As we warned our readers last May, estate recovery was finally coming to Michigan. Since July 1, 2011, we are witnessing a new chapter in the long history of estate recovery. Estate recovery occurs when the state seeks to recover Medicaid expenses paid on behalf of a nursing home resident. Since 1993, all states have been required by the federal government to adopt an estate recovery law. Michigan however, waited more than 14 years before it finally enacted the Michigan Estate Recovery Law in September of 2007. Following nearly a 4 year delay, the Department of Community Health (DCH) on July 1, 2011 first began to implement the law. Although we are still in the very early stages of implementation, it appears that DCH, through its collection agent, Health Management Systems (HMS) is being very aggressive. Anyone who fails to protect their estate, especially their home, is taking a serious risk that someday, the state may assert a claim against their assets. To best protect your loved ones, here are just a few things you should consider:
1. What assets are at risk?
Only assets that are part of an estate that passes through probate court following the owner’s death will be subject to estate recovery.
2. How can I best protect my assets?
Although no one solution is best for everyone, there are a few practical things that may be advisable:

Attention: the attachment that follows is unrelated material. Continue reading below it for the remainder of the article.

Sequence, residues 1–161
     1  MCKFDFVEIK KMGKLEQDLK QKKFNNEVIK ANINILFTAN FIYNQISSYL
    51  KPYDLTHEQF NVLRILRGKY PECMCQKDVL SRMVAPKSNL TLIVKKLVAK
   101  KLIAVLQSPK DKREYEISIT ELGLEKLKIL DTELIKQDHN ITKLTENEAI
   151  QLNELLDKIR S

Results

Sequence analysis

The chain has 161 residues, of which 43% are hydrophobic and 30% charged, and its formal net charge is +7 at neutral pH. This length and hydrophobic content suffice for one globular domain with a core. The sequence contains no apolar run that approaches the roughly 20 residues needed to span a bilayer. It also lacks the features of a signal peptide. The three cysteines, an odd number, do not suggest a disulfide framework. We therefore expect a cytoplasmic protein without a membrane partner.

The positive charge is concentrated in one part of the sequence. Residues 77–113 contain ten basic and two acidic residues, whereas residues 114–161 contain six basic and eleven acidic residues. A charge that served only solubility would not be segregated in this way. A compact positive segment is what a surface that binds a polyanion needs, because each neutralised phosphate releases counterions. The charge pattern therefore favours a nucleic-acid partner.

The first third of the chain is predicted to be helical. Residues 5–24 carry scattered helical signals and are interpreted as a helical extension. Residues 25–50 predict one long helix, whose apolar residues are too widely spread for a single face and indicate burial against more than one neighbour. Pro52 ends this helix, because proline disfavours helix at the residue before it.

a. Living trust. Titling your assets in a trust will avoid probate court. However, you must be careful because a home titled in a trust is a countable asset under the Medicaid rules.
b. Life estate deed. Sometimes called a lady bird deed, this deed allows your home to pass to your loved ones outside of probate after your death.
c. Transfer on death (T.O.D.). If a bank or non-qualified account investment names T.O.D. beneficiaries, the account will pass outside of probate to the named beneficiaries following the death of the owner.
d. Beneficiaries of life insurance, IRAs, etc. Many times, beneficiaries are not properly named on these assets and as a result, end up in probate court.
For the past several years, we have been protecting our clients to avoid the potential impact of estate recovery. Fortunately, because of the steps we have taken with our clients, they do not have to fear that the state will be able to take their home. Many others however, are not so fortunate, Despite repeated warnings regarding estate recovery, they have not protected their estate. But thankfully, it is not too late to act. In order to determine the best solution for your specific situation, it is recommended that you consult with an experienced elder law attorney.